At Whiteland Community High School, each grade will have a dean, counselor and mental health specialist in order to best provide individual support for students. Mental health support is important for not only students who are clearly exhibiting symptoms of mental health difficulties, but also for those who are silently suffering, she said.

“We’ve seen a lot of students internalizing behaviors, sometimes with anxiety or depression and we’re doing a lot of work with our staff on identifying students who have internalizing behaviors to have an adult to talk to,” Poston said. “If a student is withdrawn or not talking or having connections with peers or adults, sometimes we’ll see they’ll stop taking care of themselves whether it’s not showering or other normal, personal care. It can be a sign of something bigger happening so we talk with bus drivers, train them on this, if a students is on the bus happy every morning and then for a couple of weeks, they’re not their normal happy, we encourage our staff to ask the kiddos, ‘is everything OK?’”

Trust between staff members and students is one of the best ways to reach children who may be struggling with mental health but don’t know who to turn to, said Christy Berger, Center Grove schools’ director of school counseling and mental health.

“When building resilience factors into young people and the challenges they may face, one of the best factors is a relationship with a trusted and healthy adult,” Berger said. “We encourage staff members to make connections with students, seeing what they’re like outside of school, which can help young people that struggle and give them a reason to come to school and continue to a college, occupation or the service.”

At Center Grove schools, elementary students get mental health services from school social workers and school counselors, both of which tackle mental health-related aspects of students’ lives. In the higher grades, counselors are often there to help students with academic planning, so Center Grove High School and the district’s two middle schools all have both counselors and social workers. Center Grove schools social workers are provided through a contract with Community Health Network, Berger said.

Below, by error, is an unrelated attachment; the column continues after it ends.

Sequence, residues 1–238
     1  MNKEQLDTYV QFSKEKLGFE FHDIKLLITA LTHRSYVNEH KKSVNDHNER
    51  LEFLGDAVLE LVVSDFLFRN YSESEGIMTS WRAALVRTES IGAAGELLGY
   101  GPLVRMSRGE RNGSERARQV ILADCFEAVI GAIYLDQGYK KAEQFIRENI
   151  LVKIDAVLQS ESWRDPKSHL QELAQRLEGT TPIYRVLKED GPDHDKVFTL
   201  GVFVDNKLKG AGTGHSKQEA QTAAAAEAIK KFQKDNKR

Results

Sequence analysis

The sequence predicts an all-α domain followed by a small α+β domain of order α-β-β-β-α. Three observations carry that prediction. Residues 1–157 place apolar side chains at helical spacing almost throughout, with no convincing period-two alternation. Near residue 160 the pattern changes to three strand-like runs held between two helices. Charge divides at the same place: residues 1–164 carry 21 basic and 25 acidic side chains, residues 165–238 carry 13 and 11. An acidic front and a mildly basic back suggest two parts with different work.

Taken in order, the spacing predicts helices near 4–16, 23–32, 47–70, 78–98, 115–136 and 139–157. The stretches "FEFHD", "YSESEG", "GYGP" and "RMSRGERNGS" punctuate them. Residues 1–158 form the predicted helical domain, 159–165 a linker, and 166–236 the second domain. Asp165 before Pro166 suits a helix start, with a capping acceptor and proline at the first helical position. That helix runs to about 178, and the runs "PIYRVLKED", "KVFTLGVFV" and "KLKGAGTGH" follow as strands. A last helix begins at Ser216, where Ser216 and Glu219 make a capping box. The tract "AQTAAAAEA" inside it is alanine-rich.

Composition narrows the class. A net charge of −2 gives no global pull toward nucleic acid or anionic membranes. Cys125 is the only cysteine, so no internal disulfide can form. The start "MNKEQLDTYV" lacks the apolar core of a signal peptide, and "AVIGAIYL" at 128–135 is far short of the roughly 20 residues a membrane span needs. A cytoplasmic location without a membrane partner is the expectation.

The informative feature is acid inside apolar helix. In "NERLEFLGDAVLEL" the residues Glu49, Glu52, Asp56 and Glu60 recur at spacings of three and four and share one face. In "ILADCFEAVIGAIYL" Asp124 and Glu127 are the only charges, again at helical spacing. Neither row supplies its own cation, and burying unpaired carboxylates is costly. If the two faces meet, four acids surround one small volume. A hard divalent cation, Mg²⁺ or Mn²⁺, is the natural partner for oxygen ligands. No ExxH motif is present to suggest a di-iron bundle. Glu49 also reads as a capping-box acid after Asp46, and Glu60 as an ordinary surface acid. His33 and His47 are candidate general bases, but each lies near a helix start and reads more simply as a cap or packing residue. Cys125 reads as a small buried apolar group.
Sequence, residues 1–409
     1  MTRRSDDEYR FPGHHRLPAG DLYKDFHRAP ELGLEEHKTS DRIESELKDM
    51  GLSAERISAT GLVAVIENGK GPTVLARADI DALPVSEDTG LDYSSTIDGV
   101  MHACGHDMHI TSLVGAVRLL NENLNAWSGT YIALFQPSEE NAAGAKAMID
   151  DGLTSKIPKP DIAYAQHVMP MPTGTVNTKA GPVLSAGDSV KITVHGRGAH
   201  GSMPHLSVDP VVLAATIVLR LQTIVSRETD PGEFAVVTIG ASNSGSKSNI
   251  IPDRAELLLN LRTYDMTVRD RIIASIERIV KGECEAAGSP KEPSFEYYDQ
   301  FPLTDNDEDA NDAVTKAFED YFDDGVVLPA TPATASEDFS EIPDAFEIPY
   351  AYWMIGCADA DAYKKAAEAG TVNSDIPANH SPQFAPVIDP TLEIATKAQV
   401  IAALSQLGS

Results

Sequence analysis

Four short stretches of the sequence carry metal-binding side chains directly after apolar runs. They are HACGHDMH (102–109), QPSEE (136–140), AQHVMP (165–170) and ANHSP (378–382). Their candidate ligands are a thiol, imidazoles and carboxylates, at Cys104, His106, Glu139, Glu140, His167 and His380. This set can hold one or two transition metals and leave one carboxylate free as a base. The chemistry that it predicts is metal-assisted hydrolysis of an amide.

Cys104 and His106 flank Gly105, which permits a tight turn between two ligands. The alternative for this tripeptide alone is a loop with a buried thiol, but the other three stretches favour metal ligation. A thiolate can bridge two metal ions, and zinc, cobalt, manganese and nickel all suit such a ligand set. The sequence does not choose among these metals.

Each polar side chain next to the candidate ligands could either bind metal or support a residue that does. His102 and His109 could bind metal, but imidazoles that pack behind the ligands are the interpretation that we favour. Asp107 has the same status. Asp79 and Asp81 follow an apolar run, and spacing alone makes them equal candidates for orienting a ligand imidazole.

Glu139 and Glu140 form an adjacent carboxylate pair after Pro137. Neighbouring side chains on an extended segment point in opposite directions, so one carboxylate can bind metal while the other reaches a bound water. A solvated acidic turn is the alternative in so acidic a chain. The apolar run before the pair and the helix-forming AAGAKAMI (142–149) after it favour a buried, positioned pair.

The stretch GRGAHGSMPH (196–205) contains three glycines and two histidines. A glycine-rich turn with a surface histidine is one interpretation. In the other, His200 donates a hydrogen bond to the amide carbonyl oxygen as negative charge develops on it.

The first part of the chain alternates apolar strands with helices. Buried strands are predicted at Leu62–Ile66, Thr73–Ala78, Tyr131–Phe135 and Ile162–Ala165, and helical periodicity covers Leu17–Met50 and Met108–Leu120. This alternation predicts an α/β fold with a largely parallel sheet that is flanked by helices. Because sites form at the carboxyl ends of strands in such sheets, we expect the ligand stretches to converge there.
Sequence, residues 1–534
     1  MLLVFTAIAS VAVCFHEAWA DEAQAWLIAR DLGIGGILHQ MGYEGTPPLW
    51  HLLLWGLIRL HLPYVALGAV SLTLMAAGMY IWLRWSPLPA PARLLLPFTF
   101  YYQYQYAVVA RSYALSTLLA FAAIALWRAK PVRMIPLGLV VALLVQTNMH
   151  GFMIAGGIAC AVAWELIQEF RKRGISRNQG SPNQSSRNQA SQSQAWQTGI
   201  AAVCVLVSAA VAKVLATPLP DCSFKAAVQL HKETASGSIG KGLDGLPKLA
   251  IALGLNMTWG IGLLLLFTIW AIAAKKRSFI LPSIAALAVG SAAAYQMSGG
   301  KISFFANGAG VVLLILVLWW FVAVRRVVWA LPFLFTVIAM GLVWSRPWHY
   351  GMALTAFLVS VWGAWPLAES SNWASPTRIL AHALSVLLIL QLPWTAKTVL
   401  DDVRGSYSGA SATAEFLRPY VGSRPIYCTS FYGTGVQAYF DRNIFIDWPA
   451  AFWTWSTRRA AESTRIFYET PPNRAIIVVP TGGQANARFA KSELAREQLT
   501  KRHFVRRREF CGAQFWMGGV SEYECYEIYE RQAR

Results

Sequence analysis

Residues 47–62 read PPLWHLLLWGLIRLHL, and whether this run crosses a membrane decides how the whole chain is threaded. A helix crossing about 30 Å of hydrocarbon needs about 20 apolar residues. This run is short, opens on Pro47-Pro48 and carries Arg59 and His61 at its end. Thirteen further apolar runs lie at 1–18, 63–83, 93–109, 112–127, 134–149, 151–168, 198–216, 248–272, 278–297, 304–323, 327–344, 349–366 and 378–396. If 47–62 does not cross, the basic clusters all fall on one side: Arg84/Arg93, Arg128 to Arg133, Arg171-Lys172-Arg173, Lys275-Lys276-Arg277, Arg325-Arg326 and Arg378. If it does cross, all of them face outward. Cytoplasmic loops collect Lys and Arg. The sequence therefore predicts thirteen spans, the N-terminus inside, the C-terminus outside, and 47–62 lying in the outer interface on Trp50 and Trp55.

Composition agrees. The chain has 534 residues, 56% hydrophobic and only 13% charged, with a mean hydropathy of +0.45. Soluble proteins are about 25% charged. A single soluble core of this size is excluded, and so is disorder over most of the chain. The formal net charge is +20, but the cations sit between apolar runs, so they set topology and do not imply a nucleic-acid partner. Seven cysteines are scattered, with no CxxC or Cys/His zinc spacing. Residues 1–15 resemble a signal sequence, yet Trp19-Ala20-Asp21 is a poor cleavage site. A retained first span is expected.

Additionally, Center Grover staff members and members of their households all qualify for free counseling services, Berger said.

Edinburgh schools may not have as many resources as some of Johnson County’s largest school districts, but school officials continue to find ways within the school district’s budget to help students. Along with counselors in each school building, the district provides therapists through Adult and Child and partnerships with counseling centers in Johnson and Bartholomew counties, classroom lessons on mental health topics and support for staff members, Superintendent Ron Ross said in an email.

“We do classroom lessons on mental health topics. Kindness Week and Red Ribbon Week also include mental health elements. Information is sent home to parents when appropriate and, on occasion, parents themselves will ask for help,” he said.

Edinburgh counselors also provide mental health resources to school staff.

“They will meet with teachers to make sure that they have the resources needed to support their students,” Ross said. “Our counselors will meet with staff when they notice or are aware of difficult emotional times in their lives. We also have an employee assistance program through our insurance. Mental health is a growing need in our community. We are continuing to evaluate that need to make sure that we have the resources in place to support our students and staff in the best ways possible.”